Benefits of Sunlight: A Bright Spot for Human Health 4

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Does sunlight cause cancer or protect against it?  Get the facts in Part 4 of the Benefits of Sunlight: Cancer: Cause, Protection, or Both?

Benefits of Sunlight: A Bright Spot for Human Health

M. Nathaniel Mead
Cancer: Cause, Protection, or Both?

The first reports of an association between sun exposure and skin cancer began to surface in dermatology publications in the late nineteenth century. Nevertheless, it was not until the 1930s that the U.S. Public Health Service began issuing warnings about sun-related health risks. People were cautioned to avoid the midday summer sun, cover their heads in direct sunlight, and gradually increase the time of sun exposure from an initial 5–10 minutes per day to minimize the risk of sunburn.

In the decades that followed, the skin cancer hazards of excessive sun exposure would be extensively studied and mapped. Today, the three main forms of skin cancer—melanoma, basal cell carcinoma, and squamous cell carcinoma—are largely attributed to excessive UVR exposure. Skin cancers became the most common form of cancer worldwide, especially among groups such as white residents of Australia and New Zealand.

When atmospheric scientists first called attention to possible chemical destruction of the stratospheric ozone layer in the early 1970s, one predicted consequence of the increased UVB radiation was a rise in skin cancer rates, especially in Australia, New Zealand, South Africa, and Latin America. To counter this threat, the WHO, the United Nations Environment Programme, the World Meteorological Organization, the International Agency for Research on Cancer, and the International Commission on Non-Ionizing Radiation Protection established INTERSUN, the Global UV Project, with the express goal of reducing the burden of UVR-related disease. INTERSUN activities have included the development of an internationally recognized UV Index to help frame sun protection messages related to the daily intensity of UVR. [For more information on these activities, see “WHO Ultraviolet Radiation Website,” p. A157 this issue.]

Australia was among the first countries to spearhead large-scale sun protection programs, with the Slip-Slop-Slap initiative (short for “slip on a shirt, slop on some sun-screen, and slap on a hat”) introduced in the early 1980s. “This program and the subsequent SunSmart campaign have been highly effective in informing Australians of the risks and providing clear, practical instructions as to how to avoid excessive UVR exposure,” says Lucas. As a result of increased use of hats, sunscreen, and shade, the incidence of malignant melanoma has begun to plateau in Australia, New Zealand, Canada, and Northern Europe among some age groups. However, because other UVR-induced skin cancers typically take longer than melanoma to develop, their incidence rates continue to rise in most developed countries. Lucas says a gradual improvement in these rates is to be expected as well.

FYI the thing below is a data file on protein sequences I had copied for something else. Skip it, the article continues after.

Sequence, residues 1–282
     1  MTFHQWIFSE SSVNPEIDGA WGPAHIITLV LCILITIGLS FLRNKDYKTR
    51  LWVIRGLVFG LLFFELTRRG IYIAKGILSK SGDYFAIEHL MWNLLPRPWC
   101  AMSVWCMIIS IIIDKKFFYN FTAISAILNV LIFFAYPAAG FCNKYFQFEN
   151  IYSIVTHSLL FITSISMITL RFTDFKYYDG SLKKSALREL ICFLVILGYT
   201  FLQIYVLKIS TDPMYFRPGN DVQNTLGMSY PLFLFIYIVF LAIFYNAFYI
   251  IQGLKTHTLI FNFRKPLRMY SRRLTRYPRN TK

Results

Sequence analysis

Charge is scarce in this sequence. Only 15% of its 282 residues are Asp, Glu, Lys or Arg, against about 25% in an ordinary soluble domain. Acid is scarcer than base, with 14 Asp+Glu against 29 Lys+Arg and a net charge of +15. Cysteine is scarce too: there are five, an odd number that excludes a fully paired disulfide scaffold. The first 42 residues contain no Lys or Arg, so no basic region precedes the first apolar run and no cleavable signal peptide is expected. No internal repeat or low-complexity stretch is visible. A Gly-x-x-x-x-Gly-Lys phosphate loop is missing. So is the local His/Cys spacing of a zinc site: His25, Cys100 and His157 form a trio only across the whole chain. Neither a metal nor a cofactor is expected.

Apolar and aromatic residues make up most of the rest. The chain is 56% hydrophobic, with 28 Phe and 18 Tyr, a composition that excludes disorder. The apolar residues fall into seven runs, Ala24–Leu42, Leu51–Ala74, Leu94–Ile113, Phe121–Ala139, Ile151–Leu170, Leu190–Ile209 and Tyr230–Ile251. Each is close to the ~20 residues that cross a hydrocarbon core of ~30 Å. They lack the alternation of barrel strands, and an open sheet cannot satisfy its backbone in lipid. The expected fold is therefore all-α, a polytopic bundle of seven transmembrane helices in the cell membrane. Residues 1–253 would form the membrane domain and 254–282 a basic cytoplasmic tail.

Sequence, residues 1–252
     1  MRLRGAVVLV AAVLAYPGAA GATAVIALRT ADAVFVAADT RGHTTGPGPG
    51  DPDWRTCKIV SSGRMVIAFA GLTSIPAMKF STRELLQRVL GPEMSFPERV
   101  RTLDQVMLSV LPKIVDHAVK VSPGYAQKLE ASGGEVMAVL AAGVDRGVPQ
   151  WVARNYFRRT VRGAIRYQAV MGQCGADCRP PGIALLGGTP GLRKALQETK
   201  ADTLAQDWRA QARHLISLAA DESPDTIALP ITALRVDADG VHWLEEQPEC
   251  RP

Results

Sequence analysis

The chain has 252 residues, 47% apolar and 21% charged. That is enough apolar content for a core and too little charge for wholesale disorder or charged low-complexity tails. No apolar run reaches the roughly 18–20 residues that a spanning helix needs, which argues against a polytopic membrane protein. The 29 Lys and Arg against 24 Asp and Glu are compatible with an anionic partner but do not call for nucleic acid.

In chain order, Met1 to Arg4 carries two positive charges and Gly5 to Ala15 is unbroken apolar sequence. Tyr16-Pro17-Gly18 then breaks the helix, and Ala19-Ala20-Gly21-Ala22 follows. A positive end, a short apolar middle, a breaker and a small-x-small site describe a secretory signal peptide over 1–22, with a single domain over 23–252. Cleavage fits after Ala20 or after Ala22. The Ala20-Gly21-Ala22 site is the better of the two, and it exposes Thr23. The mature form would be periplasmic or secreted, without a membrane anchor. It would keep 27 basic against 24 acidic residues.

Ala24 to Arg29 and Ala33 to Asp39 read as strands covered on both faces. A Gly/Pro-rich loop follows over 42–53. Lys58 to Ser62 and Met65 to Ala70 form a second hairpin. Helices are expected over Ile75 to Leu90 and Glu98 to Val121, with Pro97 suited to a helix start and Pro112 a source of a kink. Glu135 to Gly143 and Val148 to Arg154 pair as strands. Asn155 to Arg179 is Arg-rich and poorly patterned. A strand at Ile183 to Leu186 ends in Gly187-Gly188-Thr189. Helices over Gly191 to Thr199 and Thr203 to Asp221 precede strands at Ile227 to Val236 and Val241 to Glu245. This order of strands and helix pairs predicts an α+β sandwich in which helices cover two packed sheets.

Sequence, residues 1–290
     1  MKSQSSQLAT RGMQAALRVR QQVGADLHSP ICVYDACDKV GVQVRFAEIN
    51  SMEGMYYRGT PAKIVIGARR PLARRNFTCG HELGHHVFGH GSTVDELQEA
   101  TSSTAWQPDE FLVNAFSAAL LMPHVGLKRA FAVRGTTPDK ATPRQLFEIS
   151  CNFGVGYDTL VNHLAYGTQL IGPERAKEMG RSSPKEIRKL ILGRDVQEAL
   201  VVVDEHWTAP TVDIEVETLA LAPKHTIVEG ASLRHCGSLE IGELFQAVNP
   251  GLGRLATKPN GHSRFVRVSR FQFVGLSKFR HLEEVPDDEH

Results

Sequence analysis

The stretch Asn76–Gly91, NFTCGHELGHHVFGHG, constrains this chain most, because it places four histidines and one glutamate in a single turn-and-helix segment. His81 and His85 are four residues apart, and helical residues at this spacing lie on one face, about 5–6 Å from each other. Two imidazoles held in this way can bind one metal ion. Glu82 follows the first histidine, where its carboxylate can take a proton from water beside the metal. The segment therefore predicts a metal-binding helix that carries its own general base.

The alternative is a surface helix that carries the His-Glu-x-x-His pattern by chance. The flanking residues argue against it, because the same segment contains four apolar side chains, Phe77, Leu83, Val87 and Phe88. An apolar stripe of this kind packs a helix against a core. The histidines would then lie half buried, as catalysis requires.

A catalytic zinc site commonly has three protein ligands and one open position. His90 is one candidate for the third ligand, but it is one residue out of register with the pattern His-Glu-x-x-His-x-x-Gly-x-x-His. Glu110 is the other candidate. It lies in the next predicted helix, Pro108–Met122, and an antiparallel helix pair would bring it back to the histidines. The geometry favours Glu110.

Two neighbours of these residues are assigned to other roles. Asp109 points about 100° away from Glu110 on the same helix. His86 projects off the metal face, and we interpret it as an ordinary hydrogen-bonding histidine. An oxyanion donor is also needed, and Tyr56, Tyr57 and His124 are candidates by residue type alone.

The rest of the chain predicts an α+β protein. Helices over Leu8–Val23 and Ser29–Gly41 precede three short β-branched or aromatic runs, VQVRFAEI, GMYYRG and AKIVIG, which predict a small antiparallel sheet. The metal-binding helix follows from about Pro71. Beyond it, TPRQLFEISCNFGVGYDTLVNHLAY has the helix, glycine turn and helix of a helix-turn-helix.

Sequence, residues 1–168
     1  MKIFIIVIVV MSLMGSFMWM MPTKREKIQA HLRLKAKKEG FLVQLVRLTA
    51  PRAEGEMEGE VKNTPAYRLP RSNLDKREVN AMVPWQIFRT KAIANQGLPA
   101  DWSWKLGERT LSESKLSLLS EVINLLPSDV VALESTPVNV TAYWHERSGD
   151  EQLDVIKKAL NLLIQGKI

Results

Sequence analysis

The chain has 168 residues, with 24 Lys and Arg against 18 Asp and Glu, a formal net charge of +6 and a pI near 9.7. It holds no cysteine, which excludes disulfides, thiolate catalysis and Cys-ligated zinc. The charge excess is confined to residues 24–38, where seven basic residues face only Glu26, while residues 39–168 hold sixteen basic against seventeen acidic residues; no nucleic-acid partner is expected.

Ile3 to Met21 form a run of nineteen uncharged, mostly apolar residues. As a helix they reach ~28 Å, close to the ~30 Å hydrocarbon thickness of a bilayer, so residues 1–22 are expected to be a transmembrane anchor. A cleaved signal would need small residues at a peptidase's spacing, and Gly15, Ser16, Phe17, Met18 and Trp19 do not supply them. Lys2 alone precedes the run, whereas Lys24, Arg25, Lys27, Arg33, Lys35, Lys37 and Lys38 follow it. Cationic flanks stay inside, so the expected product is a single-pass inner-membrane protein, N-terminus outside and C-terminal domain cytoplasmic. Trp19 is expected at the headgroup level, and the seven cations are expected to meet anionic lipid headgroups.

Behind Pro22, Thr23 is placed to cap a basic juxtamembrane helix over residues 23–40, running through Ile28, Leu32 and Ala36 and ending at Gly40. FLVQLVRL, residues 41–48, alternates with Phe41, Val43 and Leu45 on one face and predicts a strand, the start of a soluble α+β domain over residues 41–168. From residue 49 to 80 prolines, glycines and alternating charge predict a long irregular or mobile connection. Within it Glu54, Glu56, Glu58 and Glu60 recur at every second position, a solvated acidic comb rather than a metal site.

Whereas skin cancer is associated with too much UVR exposure, other cancers could result from too little. Living at higher latitudes increases the risk of dying from Hodgkin lymphoma, as well as breast, ovarian, colon, pancreatic, prostate, and other cancers, as compared with living at lower latitudes. A randomized clinical trial by Joan Lappe, a medical professor at Creighton University, and colleagues, published in the June 2007 issue of the American Journal of Clinical Nutrition, confirmed that taking 2–4 times the daily dietary reference intake of 200–600 IU vitamin D3 and calcium resulted in a 50–77% reduction in expected incidence rates of all cancers combined over a four-year period in post-menopausal women living in Nebraska.

Moreover, although excessive sun exposure is an established risk factor for cutaneous malignant melanoma, continued high sun exposure was linked with increased survival rates in patients with early-stage melanoma in a study reported by Marianne Berwick, an epidemiology professor at the University of New Mexico, in the February 2005 Journal of the National Cancer Institute. Holick also points out that most melanomas occur on the least sun-exposed areas of the body, and occupational exposure to sunlight actually reduced melanoma risk in a study reported in the June 2003 Journal of Investigative Dermatology.



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This entry was posted on Monday, May 27th, 2024 at 12:43 pm and is filed under Articles.

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One Comment

tltandr said:

on October 11th, 2009

Sunbiophoton going through our eyes to our retina and activating our DNA to produce vitD.
By sungazing on sunrise and not exceeding 7.a.m. or by indirect Biophoton entering our eyes during daytimes, our ENDOCRIN GLAND CELLS DNA is ACTIVATED and eredicating CANCER (OF THE SKIN)

DR TAN tjiauw liat


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